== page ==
Bearing Witness by Sukeshi Kamra
Partition, Independence, End of the Raj

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August 14/15, 1947 reverberates with meaning for Indian and Pakistani people. The date does more than mark the "independence" of India. This momentous time marks the birth of two nation states, India and Pakistan, and is fixed in the memory of many as Partition and end of the Raj. Bearing Witness attempts to nuance this historical moment by considering contemporary and post-event responses to Partition, which Indians and Pakistanis have inherited as one of uncontested significance. From testimonials and speeches by Jinnah and Nehru to fictional and non-fictional accounts by Indians and the British, and political cartoons which appeared in English newspapers at the time, Kamra offers an inductive study of primary texts that have been ignored until now. The book studies the three groups most affected by the events of 1947: the British, for whom this was the beginning of exile; the Indian elite, for whom the moment was a rite of passage; and the survivors of Partition, for whom the event is inextricably linked with trauma and loss of home, family, and community. Author Sukeshi Kamra asks, "Why do we not consider these valid and contesting readings in the teaching and learning of our history? Not doing so means that testimonials to Partition, such as narratives of trauma, autobiographies as personal statements on a public' moment, and political cartoons as a minute-by-minute construction of history have yet to be considered.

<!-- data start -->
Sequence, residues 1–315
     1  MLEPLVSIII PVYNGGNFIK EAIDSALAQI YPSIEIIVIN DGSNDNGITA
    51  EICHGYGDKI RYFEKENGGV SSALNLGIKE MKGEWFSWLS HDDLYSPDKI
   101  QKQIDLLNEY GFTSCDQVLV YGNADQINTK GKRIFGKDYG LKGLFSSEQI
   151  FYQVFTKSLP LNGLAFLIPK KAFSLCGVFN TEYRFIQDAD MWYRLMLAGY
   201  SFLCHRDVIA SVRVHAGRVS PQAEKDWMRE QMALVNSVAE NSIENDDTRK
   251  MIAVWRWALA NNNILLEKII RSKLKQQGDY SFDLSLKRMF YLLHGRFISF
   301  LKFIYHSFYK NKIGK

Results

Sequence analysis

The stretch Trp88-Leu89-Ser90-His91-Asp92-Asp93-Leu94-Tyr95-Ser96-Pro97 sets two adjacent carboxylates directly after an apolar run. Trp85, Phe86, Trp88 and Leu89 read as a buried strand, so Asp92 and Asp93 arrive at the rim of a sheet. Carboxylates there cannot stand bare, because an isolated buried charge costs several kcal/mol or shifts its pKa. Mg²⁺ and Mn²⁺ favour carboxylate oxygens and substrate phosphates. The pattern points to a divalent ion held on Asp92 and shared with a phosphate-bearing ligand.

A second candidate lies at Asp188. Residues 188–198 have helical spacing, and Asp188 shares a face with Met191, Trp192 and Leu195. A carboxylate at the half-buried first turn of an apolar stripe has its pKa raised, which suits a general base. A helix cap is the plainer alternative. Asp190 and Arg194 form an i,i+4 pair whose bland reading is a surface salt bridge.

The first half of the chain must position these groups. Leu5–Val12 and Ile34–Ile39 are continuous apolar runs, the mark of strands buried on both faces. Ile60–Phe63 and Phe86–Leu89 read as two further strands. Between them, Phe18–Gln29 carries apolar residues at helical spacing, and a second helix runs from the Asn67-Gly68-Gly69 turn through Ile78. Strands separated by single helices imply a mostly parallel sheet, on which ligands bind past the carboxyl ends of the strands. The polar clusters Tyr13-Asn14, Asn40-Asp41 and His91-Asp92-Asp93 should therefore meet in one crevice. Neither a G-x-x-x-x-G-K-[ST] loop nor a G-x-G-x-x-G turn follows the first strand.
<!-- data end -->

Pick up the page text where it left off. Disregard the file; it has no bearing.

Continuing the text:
About Sukeshi Kamra

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Sukeshi Kamra is associate dean of the faculty of arts at Okanagan University College. She teaches in the English department. She has published articles on Salman Rushdie and Rohinton Mistry and is currently working on a study of forms of popular protest in colonial India.
Published February 28, 2002 by University of Calgary Press. 430 pages
Genres: History, Education & Reference, Travel. Non-fiction